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“Coventry Cathedral continues to speak a word of hope to the world”

The Right Reverend Dr Christopher Cocksworth is Bishop of Coventry, the senior leader of the Church of England in Coventry and Warwickshire in the United Kingdom. On 14 November 2020, Bishop Cocksworth, along with the Archbishops of Canterbury and York as well as more than 30 other bishops, issued a statement welcoming the UN Treaty on the Prohibition of Nuclear Weapons and calling on the UK Government to join it. The statement coincided with the commemoration of the 80th anniversary of the bombing of Coventry and destruction of its cathedral.

WCC celebrates 50th ratification of Treaty on the Prohibition of Nuclear Weapons

The World Council of Churches (WCC) welcomes and celebrates the ratification by 50 States of the Treaty on the Prohibition of Nuclear Weapons (TPNW), which seeks for the first time to establish a comprehensive ban on the development, testing, production, stockpiling, stationing, transfer, use and threat of use of nuclear weapons, as well as obligations for victim assistance and environmental remediation.

Joint message calls for healing wounds and a shared future for the Korean Peninsula

A Joint Ecumenical Peace Message for the occasion of the 70th anniversary of the start of the Korean War was publicly delivered on 22 June during a live-streamed event. Co-sponsored by churches and councils of churches around the world, especially from countries that participated in the Korean War, the message describes the Korean War as an “appallingly destructive conflict” after which no peace treaty was ever concluded.

Churches should use their voice on climate change

Pacific islands experience lasting impacts of the 50 years of nuclear testing and the region has become a global hotspot of climate change, the World Council of Churches (WCC) Commission of Churches on International Affairs (CCIA) learned in its meeting this week in Brisbane, Australia.

CCIA meets in Brisbane with focus on Pacific regional priorities

Impacts of the climate change and the lingering health and environmental effects of nuclear testing on the countries in the Pacific region are among the issues to be discussed at the meeting of the WCC’s Commission of Churches on International Affairs (CCIA), convened from 19 to 21 February in Brisbane, Australia.

WCC Executive Committee envisions future for one ecumenical movement

The WCC Executive Committee met in Uppsala, Sweden from 1-8 November to approve the 2019 programme plans and budget, follow up and decide on a variety of assembly matters, review the WCC strategic plan, discuss world affairs and issue seven statements in response to current situations. The Executive Committee also discerned the way forward for the WCC’s Communication Strategy.

“Only through shared progress can we be free from hunger and inequity”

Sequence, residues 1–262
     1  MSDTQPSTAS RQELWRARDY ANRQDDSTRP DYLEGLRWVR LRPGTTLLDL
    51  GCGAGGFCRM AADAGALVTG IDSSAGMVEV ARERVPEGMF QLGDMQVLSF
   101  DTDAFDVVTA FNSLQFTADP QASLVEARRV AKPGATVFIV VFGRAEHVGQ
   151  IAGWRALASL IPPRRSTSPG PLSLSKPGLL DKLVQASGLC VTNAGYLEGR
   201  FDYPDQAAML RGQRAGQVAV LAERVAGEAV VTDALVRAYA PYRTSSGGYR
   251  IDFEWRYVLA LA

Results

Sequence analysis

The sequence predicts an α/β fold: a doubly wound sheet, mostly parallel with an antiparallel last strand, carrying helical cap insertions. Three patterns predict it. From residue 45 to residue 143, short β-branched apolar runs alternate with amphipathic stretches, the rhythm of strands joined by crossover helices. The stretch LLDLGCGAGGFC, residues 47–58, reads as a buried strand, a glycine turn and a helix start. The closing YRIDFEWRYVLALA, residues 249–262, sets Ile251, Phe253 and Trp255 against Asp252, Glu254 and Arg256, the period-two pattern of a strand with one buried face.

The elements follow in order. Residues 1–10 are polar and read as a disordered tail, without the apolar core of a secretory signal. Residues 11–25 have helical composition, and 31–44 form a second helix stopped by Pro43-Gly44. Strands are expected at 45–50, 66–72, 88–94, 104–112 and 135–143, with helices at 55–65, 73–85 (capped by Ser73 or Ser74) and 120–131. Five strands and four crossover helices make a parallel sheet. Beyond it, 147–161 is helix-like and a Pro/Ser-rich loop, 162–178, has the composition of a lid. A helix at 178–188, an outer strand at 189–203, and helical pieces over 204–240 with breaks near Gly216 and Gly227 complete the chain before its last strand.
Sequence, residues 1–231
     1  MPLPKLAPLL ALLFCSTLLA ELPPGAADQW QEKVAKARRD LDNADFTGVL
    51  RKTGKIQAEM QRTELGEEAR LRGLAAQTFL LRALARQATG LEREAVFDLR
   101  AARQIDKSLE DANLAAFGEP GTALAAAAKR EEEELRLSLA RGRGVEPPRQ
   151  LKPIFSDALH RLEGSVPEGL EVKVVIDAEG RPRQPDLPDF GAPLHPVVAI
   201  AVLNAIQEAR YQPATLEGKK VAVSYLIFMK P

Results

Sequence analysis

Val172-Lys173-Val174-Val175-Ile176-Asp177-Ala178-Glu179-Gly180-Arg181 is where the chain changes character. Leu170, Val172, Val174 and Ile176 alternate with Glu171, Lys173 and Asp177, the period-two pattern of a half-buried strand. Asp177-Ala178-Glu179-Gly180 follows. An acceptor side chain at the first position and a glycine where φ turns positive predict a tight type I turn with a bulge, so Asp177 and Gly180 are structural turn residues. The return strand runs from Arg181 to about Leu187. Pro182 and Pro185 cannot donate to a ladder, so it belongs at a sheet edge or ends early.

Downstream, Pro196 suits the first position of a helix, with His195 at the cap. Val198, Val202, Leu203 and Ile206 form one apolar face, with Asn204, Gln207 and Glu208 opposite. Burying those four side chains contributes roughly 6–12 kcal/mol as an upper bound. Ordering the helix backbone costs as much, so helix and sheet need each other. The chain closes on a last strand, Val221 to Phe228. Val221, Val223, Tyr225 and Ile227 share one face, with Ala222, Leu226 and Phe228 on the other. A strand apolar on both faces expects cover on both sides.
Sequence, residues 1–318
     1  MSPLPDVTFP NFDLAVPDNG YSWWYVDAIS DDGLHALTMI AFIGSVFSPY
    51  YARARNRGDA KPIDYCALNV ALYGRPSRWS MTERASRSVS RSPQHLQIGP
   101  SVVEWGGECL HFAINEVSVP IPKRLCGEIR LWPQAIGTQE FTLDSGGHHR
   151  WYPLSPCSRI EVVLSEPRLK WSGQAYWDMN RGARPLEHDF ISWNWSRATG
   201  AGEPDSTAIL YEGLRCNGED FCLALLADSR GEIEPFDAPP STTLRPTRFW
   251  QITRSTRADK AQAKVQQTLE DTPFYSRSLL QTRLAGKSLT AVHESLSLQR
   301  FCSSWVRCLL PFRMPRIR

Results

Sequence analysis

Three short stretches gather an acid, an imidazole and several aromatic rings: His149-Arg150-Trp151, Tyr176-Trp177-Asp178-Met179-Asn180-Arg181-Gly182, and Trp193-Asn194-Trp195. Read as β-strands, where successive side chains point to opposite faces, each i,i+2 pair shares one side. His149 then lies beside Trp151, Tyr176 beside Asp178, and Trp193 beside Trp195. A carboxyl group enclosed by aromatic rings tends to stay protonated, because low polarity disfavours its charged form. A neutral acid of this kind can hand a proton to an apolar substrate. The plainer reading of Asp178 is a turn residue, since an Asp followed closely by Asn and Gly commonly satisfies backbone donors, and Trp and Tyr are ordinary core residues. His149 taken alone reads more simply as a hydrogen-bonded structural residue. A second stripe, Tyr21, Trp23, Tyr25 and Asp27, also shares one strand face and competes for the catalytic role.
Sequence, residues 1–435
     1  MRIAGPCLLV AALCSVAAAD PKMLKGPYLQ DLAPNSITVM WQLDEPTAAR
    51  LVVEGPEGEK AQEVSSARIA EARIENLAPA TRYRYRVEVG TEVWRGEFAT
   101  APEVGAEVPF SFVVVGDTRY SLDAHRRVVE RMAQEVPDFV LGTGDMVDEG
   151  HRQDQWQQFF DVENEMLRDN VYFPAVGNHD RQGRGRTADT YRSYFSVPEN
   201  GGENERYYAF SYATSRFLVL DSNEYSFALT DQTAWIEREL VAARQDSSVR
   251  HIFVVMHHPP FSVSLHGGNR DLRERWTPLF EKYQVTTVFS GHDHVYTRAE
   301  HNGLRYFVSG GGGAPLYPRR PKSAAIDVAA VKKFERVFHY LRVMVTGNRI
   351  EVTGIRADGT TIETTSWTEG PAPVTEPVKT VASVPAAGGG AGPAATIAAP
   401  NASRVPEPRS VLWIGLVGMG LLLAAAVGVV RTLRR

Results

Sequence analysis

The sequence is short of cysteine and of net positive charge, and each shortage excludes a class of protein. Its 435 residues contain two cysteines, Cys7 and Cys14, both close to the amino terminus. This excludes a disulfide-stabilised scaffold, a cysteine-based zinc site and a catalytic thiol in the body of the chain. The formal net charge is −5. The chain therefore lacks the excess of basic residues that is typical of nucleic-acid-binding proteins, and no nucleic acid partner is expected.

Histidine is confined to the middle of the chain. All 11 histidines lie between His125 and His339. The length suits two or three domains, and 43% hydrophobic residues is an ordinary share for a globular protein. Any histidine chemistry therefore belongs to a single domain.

This week world leaders are gathered in Davos under the very theme of “Creating a Shared Future in a Fractured World”. They do so at a time when we see poverty amongst plenty; hunger and thirst in the midst of abundance; shocking disparities in the quality of life between neighboring communities: real problems that the world has the potential and the possibilities to resolve.

Tveit to World Economic Forum: “Say no to nuclear weapons”

In a message to the World Economic Forum, World Council of Churches general secretary Rev. Dr Olav Fykse Tveit said he can think of no greater antithesis to a vision of shared life and responsibility than the continued existence of and political and social support for nuclear weapons.

Conference on Korea crisis strengthens resolve to avoid nuclear war

"The world must listen to the people of Korea. They do not want war. They want peace.” Those are the words of Rev. Frank Chikane, moderator of the WCC Commission of the Churches on International Affairs, as he reflected what was on the minds of several dozen people from all over the world who attended a videoconference on the Korea crisis on 5 October.

Emily Welty: tide of hope for a world free from nuclear weapons

Dr. Emily Welty is an assistant professor in Peace and Justice Studies at Pace University in New York City (USA). She also serves as vice moderator of the WCC Commission of the Churches on International Affairs. As an advocate for banning nuclear weapons, Dr Welty is known both for her unwavering belief in a world free from nuclear weapons, and for her strategic thinking toward that goal.

WCC expresses support for Swedish ban on nuclear weapons

In a 15 September letter to Swedish foreign affairs minister Margot Wallström, WCC general secretary Rev. Dr Olav Fykse Tveit expressed strong support for religious leaders in Sweden who have requested that Sweden take part in the next step towards entry-into-force for the Treaty on the Prohibition of Nuclear Weapons, which opens for signature on 20 September at the United Nations.